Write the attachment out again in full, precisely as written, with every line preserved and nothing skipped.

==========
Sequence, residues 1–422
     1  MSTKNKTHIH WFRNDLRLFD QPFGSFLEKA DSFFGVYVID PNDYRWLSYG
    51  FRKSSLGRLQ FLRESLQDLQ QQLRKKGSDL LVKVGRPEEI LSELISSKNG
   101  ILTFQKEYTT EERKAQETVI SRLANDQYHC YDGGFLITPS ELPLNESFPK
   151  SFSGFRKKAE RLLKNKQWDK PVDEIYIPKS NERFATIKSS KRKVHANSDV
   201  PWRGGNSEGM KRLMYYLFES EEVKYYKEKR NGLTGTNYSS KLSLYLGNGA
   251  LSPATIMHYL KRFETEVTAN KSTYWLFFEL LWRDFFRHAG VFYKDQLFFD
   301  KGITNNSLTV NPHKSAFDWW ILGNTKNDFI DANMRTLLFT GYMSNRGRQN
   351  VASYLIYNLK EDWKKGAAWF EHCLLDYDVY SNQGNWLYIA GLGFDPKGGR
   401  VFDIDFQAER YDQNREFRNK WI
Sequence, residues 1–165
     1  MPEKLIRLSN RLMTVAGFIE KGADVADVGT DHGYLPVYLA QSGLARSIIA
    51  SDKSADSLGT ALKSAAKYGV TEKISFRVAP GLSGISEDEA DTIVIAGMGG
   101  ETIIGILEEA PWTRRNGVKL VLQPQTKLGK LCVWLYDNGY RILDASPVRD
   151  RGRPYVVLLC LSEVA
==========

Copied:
Sequence, residues 1–422
     1  MSTKNKTHIH WFRNDLRLFD QPFGSFLEKA DSFFGVYVID PNDYRWLSYG
    51  FRKSSLGRLQ FLRESLQDLQ QQLRKKGSDL LVKVGRPEEI LSELISSKNG
   101  ILTFQKEYTT EERKAQETVI SRLANDQYHC YDGGFLITPS ELPLNESFPK
   151  SFSGFRKKAE RLLKNKQWDK PVDEIYIPKS NERFATIKSS KRKVHANSDV
   201  PWRGGNSEGM KRLMYYLFES EEVKYYKEKR NGLTGTNYSS KLSLYLGNGA
   251  LSPATIMHYL KRFETEVTAN KSTYWLFFEL LWRDFFRHAG VFYKDQLFFD
   301  KGITNNSLTV NPHKSAFDWW ILGNTKNDFI DANMRTLLFT GYMSNRGRQN
   351  VASYLIYNLK EDWKKGAAWF EHCLLDYDVY SNQGNWLYIA GLGFDPKGGR
   401  VFDIDFQAER YDQNREFRNK WI
Sequence, residues 1–165
     1  MPEKLIRLSN RLMTVAGFIE KGADVADVGT DHGYLPVYLA QSGLARSIIA
    51  SDKSADSLGT ALKSAAKYGV TEKISFRVAP GLSGISEDEA DTIVIAGMGG
   101  ETIIGILEEA PWTRRNGVKL VLQPQTKLGK LCVWLYDNGY RILDASPVRD
   151  RGRPYVVLLC LSEVA